Beyond Your Mouth: The Social Determinants of Oral Health
April is minority health month, and there’s no better time to focus on dental health—which so profoundly affects the overall health of minorities. As the commemorative month comes to a close, consider the importance of improving the oral health of all (our mission lived each day).
“Oral health implies much more than healthy teeth. The mouth is both a cause and a reflection of individual and population health and well-being,”states a study published in BMC Oral Health. This notion reflects the fact that many of the determinants of dental health go way beyond medical factors—they are behavioral, cultural, social, and economic as well.
For example, tooth decay is a major dental health issue for the United States. And the food we eat plays an important role in this. Foods rich in sugar and carbohydrates help to form plaque acid that attacks tooth enamel. But those who live in food deserts with no access to healthy, nutrient rich food, may be forced to rely heavily on these foods in their diet.
Education also plays an important role in tooth decay.
According to the Centers for Disease Control and Prevention (CDC):
- Adults aged 35–44 years with less than a high school education experience untreated tooth decay nearly three timesthat of adults with at least some college education.
- In addition, adults aged 35–44 years with less than a high school education experience destructive periodontal (gum) disease nearly three times that of adults with at least some college education.
Access to fluoride is also key.
Prior to World War II, Americans were plagued by toothache and tooth loss. But in 1948 the National Institute of Dental and Craniofacial Research was formed and researchers began demonstrating the effectiveness of fluoride in preventing tooth decay.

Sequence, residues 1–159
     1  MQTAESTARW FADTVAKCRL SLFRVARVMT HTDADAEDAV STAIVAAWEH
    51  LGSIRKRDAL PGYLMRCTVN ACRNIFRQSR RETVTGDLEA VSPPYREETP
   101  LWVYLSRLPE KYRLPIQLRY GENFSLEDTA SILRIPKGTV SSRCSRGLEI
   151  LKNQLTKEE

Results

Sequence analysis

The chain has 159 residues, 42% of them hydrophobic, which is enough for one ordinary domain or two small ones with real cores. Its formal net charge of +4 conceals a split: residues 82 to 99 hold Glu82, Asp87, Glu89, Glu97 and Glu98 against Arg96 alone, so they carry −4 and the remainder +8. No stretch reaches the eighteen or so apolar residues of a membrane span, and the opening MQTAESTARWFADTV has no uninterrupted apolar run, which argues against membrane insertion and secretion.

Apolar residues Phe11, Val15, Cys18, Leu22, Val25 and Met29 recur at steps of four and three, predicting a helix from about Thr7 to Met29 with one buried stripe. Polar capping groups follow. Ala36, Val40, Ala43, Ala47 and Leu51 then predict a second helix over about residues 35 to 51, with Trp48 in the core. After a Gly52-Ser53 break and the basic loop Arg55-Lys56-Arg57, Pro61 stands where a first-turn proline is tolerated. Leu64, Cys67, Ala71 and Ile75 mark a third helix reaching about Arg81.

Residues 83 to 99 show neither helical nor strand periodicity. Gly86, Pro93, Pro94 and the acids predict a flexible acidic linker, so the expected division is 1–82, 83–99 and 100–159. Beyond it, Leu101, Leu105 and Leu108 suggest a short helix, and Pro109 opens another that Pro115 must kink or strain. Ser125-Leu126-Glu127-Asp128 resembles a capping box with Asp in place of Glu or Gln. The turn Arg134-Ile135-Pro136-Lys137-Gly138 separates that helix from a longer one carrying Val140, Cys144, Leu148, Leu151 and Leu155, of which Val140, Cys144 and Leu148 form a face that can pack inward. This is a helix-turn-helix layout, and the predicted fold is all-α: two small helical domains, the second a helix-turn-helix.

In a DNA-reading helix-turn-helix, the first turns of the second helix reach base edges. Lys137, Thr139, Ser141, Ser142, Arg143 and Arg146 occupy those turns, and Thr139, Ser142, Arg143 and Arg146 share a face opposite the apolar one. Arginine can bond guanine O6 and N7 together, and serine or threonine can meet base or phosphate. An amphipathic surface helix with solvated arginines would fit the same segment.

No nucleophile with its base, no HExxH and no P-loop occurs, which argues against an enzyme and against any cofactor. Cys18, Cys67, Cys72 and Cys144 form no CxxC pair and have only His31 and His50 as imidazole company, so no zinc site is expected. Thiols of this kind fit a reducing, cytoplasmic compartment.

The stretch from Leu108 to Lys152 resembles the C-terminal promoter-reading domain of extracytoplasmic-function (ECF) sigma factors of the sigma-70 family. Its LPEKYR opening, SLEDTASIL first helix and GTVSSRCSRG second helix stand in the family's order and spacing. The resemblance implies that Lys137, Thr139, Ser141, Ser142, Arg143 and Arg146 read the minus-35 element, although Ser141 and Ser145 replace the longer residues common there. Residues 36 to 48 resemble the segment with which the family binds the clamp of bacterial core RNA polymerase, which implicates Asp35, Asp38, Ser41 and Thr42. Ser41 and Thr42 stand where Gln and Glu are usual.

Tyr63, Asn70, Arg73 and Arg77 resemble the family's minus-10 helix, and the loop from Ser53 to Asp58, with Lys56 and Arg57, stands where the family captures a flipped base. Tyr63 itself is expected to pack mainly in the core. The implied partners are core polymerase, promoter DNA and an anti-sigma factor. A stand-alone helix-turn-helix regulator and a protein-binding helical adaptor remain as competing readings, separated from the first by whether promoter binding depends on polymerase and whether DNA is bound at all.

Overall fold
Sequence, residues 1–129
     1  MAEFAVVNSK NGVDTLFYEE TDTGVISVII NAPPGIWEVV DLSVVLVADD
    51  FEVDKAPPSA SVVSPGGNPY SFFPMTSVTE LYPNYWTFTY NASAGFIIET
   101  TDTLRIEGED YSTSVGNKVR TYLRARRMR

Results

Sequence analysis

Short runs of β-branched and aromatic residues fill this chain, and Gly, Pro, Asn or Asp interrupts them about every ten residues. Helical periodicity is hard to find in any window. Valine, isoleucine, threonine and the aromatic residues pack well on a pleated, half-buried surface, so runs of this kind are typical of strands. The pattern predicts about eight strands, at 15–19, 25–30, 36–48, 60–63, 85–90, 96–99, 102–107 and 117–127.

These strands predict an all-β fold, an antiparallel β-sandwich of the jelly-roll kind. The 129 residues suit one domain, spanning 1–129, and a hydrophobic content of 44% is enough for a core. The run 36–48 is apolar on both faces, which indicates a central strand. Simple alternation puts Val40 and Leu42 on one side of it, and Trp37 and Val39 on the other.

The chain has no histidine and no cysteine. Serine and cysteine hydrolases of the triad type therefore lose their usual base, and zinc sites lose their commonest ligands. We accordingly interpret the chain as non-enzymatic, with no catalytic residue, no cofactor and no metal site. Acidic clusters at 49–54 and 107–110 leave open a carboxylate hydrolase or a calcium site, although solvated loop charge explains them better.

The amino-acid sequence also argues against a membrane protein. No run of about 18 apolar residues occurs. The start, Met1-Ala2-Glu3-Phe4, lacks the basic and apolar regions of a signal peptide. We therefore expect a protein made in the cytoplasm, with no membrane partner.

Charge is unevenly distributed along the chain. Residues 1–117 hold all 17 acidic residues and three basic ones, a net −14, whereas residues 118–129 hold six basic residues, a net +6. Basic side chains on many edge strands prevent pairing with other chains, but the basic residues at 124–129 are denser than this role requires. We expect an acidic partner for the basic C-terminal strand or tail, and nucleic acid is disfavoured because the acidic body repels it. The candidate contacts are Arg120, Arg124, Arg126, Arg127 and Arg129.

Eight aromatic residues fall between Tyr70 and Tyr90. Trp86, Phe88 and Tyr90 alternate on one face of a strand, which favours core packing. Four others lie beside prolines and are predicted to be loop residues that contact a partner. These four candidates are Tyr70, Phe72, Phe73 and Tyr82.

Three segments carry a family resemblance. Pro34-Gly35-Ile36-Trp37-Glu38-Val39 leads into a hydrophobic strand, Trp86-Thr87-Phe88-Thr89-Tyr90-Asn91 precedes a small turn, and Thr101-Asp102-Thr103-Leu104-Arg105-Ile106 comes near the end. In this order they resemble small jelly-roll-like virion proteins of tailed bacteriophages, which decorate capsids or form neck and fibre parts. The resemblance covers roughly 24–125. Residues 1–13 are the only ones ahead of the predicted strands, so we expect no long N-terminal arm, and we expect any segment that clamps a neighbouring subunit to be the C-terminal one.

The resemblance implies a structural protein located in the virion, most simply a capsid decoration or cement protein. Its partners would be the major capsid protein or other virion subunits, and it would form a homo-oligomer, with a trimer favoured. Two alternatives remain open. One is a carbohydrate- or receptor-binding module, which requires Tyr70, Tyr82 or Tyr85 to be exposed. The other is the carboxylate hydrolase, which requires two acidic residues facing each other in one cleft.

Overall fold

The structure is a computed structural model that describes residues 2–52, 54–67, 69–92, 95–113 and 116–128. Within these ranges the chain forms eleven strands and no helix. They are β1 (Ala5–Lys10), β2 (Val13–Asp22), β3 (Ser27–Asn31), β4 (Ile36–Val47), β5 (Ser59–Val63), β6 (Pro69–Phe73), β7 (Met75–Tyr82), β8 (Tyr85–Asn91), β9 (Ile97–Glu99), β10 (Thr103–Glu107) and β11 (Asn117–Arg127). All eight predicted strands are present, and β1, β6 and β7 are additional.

According to a Surgeon General’s report, “Community water fluoridation remains one of the great achievements of public health in the twentieth century—an inexpensive means of improving oral health that benefits all residents of a community, young and old, rich and poor alike.”
While community water fluoridation is highly recommended by nearly all public health, medical and dental organizations, some may still lack this important program. (Check your community’s status in this CDC fluoride finder.)
Dental insurance inequalities also contribute to health disparities,as preventive oral care including check-ups and regular dental cleanings are crucial. That is one reason we created the unique PreventistrySM approach, which not only fully covers most preventive services, but also helps highlight for network dentists those members at higher-risk of tooth decay.
This year’sminority health month theme is Accelerating Health Equity for the Nation. Long past just recognizing health inequalities, this theme calls us to improve our work toward health equity, in part by focusing specifically on the social determinants.
As you continue to think about this theme—hopefully long past April—don’t forget about the intertwined importance of oral health.